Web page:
Hackers Able to Gain Access Using New Rowhammer Exploit

The Rowhammer exploit was first identified three years ago and was seen enabling hackers to access devices by using DRAM memory cells.

Rowhammer attacks uses the close proximity of memory cells, making them leak their charge and change the make up of neighboring memory cells. The cyber attack involves sending constant read-write operations using carefully crafted memory access patterns to constantly activate the same memory rows, which can allow strong privilege escalation attacks.

Since this type of attack was identified, security researchers have seen the technique being used in a variety of different types of attack. These cyber attacks have even been carried out using simple JavaScript, and have been shown to have an impact on Windows Machines, Linux-based virtual machines, and Android devices.

Investigations into the Rowhammer exploit has allowed manufacturers to put in place a number of mitigations to stop cyber attacks; however, this week, new research has been released showing that even if many mitigations are used, the Rowhammer exploit can still be used and all mitigations in place can be bypassed.

Previously attacks were carried out on many rows of memory cells, but the mos recent method targets just one row – an attack method termed one-location hammering which keeps one DRAM row permanently open.

Researchers said “We replace conspicuous and memory-exhausting spraying and grooming techniques with a novel reliable technique called memory waylaying. Memory waylaying exploits system-level optimizations and a side channel to coax the operating system into placing target pages at attacker chosen physical locations.”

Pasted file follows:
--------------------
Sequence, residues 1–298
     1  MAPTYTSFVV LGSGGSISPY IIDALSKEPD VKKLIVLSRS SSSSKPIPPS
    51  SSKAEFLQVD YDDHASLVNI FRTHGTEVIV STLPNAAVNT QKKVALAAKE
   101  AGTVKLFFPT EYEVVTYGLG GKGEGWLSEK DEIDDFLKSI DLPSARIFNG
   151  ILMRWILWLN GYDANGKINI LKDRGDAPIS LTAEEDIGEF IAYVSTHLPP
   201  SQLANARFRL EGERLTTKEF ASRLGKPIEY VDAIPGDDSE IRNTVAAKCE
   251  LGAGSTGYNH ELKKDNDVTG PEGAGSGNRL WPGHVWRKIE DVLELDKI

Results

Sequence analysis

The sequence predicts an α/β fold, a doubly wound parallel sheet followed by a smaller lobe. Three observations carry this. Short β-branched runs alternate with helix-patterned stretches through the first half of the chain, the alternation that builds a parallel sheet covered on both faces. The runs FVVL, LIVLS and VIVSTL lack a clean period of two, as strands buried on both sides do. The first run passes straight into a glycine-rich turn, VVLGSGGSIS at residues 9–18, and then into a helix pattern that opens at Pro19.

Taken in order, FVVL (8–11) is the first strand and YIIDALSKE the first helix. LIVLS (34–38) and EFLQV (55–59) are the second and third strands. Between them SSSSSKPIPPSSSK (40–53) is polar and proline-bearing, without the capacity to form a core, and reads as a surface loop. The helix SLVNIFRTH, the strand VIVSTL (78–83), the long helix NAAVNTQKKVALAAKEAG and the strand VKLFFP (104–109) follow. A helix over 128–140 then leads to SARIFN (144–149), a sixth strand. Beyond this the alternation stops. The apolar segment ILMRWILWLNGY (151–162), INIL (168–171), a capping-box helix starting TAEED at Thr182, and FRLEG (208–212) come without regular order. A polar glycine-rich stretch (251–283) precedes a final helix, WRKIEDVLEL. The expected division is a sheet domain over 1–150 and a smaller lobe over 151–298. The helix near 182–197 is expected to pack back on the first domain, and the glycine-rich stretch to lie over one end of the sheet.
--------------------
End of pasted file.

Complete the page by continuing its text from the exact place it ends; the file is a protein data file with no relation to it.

The team also conducted a successful cyber attack on Intel SGX and were able to camouflage the attack completely from the operating system. While the attacks take longer to complete out using the new method, they can still be successful. The researchers remarked that in their tests, an attack duration will last between 44.4 hours and 137.8 hours.

That would obviously be too long for attacks on the majority computers, but the researchers say that there is a danger of attacks on online servers which are not powered off, or for attacks on cloud services which usually have more than 99.9% uptime. The attackers could carry out denial of service attacks on cloud systems, but also privilege escalation attacks on personal and home computers.

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Emma Taylor

Emma Taylor is the contributing editor of Defensorum. Emma started on Defensorum as a news writer in 2017 and was promoted to editor in 2022. Emma has written and edited several hundred articles related to IT security and has developed a deep understanding of the sector. You can follow Emma on https://twitter.com/defensorum and contact Emma at emmataylor@defensorum.com.